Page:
The kids are alright
Neal Learner Takes Children’s Music Just Seriously Enough
By David Sachs
When it comes to music, Del Ray resident Neal Learner doesn’t believe kids should be sold short. So he released “Would You Like to Be A Mermaid?” earlier this year, the first album from Neal Learner and the Del Ray Phantom Orchestra.
It’s eclectic, ambling between bluegrass, rock and lullabies. If you listen to it, like it and you’re over 20, that’s OK, Learner says. Some songs edge close to tracks heard on major labels, but Learner croons about fatherhood and childhood — not life on the road or lost love — without all the goody gumdrops.
The entire disc is performed, written, recorded and mixed by Learner (making him the sole member of the Phantom Orchestra), and its liner notes are speckled with artwork by his daughters Nadia, 11, and Nina, 10, who make an appearance on a few songs.
Between his family and his day job as a communications specialist in Old Town, Learner talked with the Times about his new disc.
ALEXANDRIA TIMES: What’s “Mermaid” all about?
NEAL LEARNER: I kind of describe it as music for and about kids, what it means to be in a good state of mind as a kid and as a parent. When you’re in your 20s you write stories about lost love and being ‘on the hunt’ and as a parent, that changes dramatically.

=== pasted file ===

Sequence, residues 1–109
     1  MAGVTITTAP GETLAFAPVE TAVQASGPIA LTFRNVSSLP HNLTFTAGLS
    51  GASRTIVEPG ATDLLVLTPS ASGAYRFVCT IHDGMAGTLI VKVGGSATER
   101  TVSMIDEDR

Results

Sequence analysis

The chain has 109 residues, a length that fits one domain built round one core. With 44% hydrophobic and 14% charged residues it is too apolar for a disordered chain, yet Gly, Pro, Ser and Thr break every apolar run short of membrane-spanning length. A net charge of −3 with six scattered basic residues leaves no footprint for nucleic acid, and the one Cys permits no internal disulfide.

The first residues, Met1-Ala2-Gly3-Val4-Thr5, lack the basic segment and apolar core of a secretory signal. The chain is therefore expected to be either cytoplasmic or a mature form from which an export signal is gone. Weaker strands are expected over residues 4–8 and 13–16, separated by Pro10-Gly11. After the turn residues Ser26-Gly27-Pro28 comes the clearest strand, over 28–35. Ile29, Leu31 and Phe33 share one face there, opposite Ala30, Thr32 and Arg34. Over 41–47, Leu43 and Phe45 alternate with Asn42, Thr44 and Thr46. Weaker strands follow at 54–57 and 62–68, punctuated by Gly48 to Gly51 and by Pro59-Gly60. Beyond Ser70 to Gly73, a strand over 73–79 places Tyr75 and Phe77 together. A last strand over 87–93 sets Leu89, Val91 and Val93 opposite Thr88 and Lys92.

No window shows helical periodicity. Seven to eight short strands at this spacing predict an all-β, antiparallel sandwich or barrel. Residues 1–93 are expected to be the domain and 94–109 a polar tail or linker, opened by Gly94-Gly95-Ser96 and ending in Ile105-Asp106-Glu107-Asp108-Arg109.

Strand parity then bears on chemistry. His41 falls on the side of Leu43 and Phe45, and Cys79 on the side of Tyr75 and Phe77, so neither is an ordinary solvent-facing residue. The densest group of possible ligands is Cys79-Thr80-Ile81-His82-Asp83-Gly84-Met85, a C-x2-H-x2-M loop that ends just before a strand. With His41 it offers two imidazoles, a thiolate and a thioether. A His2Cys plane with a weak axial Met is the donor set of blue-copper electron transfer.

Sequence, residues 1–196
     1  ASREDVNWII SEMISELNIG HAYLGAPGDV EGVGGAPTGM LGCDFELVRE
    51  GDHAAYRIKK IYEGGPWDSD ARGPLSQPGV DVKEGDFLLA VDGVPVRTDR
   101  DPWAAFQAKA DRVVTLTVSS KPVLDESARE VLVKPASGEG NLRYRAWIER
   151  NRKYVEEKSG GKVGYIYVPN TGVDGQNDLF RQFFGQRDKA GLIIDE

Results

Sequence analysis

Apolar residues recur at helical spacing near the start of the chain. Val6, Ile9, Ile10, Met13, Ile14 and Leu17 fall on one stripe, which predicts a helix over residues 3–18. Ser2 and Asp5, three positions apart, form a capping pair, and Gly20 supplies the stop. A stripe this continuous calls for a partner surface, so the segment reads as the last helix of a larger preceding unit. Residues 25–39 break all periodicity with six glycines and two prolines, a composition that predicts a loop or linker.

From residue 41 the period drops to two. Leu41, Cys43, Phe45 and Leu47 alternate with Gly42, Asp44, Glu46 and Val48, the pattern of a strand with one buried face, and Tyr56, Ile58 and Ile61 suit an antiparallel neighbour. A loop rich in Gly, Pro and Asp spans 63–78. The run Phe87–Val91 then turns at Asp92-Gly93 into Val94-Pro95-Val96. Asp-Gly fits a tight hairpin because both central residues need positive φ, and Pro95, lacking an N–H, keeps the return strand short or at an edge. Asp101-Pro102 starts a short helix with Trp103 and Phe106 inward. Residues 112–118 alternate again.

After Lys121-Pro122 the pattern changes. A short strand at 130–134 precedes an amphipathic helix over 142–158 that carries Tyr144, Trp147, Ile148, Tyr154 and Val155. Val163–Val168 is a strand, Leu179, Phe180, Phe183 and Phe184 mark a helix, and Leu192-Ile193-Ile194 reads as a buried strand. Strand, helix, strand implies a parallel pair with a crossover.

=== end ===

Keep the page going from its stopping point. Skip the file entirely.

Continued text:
Is the album more of a personal outlet, or an addition to the kids’ music genre?
It’s mostly an outlet but also for kids’ music. You shouldn’t try to sell them short. They like complex stuff, too. You don’t have to be some guy with a guitar playing cute tunes. There’s actually a lot of kids’ music out there and some of it’s really good and some of it makes you kind of roll your eyes. I wanted to make music both parents and kids can enjoy.
Has living in Del Ray contributed to your creativity?
I would definitely say so. There’s a lot of interesting, eclectic people in Del Ray. We’re kind of a fixture on The Avenue. That vibe definately helps the creative juices.
What kind of musical influences inform ‘Mermaid’?
I love the Talking Heads, a lot of sort of silly songs. Rock ‘n’ roll should be fun and sort of silly. It’s kind of corny now, but I love Billy Joel, whose piano work is amazing. I like a well-crafted song that has a strong melody.
Sum up what this album means to you.
It’s really all about the joy of it — the joy of parenting, the troubles — it’s not always easy. But also the joys of being a child. Fatherhood is kind of as rich as it gets in the course of life. You’re right in it. And hopefully my songs reflect that.
“Would You Like to Be A Mermaid” is available in Del Ray at Contessa’s, The Purple Goose, A Show of Hands and online at www.CDBaby.com.
© 2011 | alextimes.com
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